5. Hello Joe, I agree with Michael C.---forming an LLC (or other appropriate legal entity) just makes sense. When you're dealing with real estate, if there is a dispute, the amount of money at issue tends to be relatively great...e.g. $500,000, - $750,000 wouldn't be unusual at all in California. With a properly formed LLC your liability is limited to the assets in your real estate business...assuming you use the "LLC" designation on your cards, letters, emails, etc. Without this type of protection, all of your non-exempt personal assets are available to satisfy a judgment. Sure, it costs a few bucks to form and maintain an LLC, but its well worth the peace of mind you get...after all, this is called "Creative Real Estate" for a reason...and some stick in the muds don't appreciate the "Creative" aspect of it! Regards, Mike P. The Legal Eagle p.s. As soon as you sell or lease property you are offering services to "other people."
  6. Hi-Lo Guest, Thanks for asking the question, but I'm with Tony...I don't understand what you're asking...Want to try again? Mike P. The Legal Eagle
  7. Simply put, mortgages are liens...but for real property for specified purposes. Liens are like tools...the right tool (lien) for the right job! I suppose you could record a mechanics liens on real property, but they are generally used to ensure payment for services rendered to the property...like a mechanic working on your car. This would all be controlled by state debtor/creditor law, but I hope this general explaination helps. Mike P. The Legal Eagle
  8. My, that was quite a nap...but I needed it...batteries got ran down too low... But I'm back in business...so let's chat! Mike P. The Legal Eagle
  9. pinkerton

    Radio Ads

    Lydia et al.: The number of responses to the ad was disappointing, although they have been from folks who are interested...I'm still working on putting something together on two responses. The price on media buys varies quite a bit...it all depends on a number of factors beyond our control. For example, when the Sacramento Kings made the Western play offs the prices shyrocketed as the station I was using is pretty sports oriented. I've got to put deals together on what I've got hanging, then move on and think through my next marketing move. Mike P. The Legal Eagle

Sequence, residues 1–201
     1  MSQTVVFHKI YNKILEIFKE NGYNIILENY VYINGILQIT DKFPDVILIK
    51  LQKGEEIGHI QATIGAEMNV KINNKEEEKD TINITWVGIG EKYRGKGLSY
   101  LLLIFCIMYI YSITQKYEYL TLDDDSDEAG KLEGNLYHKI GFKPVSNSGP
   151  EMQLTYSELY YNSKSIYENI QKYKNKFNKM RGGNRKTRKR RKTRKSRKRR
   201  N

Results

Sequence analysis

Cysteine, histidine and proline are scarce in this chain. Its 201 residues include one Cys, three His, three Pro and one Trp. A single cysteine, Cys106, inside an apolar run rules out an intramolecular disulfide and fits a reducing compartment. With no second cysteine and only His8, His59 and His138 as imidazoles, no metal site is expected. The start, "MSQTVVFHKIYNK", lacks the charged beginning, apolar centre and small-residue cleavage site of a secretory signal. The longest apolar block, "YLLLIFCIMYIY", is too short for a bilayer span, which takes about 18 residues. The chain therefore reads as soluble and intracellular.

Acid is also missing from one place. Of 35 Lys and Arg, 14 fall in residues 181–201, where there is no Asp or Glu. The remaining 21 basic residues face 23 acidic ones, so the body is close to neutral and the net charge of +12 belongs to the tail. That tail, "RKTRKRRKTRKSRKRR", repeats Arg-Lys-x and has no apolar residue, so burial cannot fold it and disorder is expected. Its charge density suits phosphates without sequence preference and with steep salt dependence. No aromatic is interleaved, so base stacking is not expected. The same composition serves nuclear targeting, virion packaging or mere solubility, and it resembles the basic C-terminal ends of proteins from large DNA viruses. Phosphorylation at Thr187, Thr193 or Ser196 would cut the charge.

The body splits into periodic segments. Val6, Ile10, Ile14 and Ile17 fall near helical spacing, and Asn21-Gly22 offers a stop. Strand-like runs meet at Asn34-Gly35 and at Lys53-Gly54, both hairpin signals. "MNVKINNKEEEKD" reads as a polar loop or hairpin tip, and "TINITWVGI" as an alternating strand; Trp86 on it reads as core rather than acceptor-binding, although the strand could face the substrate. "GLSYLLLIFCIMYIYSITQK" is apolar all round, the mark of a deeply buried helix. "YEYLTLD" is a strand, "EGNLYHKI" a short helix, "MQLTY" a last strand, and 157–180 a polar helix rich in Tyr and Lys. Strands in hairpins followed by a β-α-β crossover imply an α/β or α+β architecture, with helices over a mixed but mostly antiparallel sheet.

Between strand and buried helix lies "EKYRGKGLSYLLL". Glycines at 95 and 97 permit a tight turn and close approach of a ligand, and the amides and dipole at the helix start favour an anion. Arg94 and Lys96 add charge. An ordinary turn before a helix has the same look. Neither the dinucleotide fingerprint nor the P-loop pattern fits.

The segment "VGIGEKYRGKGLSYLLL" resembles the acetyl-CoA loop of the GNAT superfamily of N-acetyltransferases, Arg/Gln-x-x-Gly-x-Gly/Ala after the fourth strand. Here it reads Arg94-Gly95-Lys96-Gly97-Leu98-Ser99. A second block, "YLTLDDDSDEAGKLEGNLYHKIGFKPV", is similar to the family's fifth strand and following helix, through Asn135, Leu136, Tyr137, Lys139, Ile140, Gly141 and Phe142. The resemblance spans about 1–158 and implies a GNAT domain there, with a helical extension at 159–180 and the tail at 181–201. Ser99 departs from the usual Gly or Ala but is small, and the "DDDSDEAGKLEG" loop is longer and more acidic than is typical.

10. Friends, I'm out of pocket for a few days...be back soon. Mike P. The Legal Eagle
  11. Thanks Christian, that's very helpful. option8 is the Bomb! What a wealth of information and assistance!! Mike P. The Legal Eagle
  12. MC--Know of anything on neurosurgery, plastic surgery or liposuction? Then we'd be smart, good looking and thin.. Mike P. The Legal Eagle
  13. Nolo Press has a series of excellent self-help books on the law. One of them is on forming LLC's. They also have another on operating them. Good for lay people, bad for lawyers. The next thing you know some wise guy will publish a book on performing your own simple surgery. Anyway...head for your local book store and get the Nolo Press books...and "LLC-on." Mike P. The Legal Eagle
  14. Thanks, MC! Just wanted to confirm that I wasn't missing something here... Mike P The Legal Eagle
  15. MC and other Friends-- I know I've seen it posted before on the board, but could you re-suggest responses to owners who like the whole L/P idea until they find out their equity is in the property until the option is exercised? I know that one response might be: "With interest rates so low, why not get a home equity loan to free up some equity?" If tried that but folks respond that it's too much trouble...they want the equity now. What are some others? Thanks, Mike P. The Legal Eagle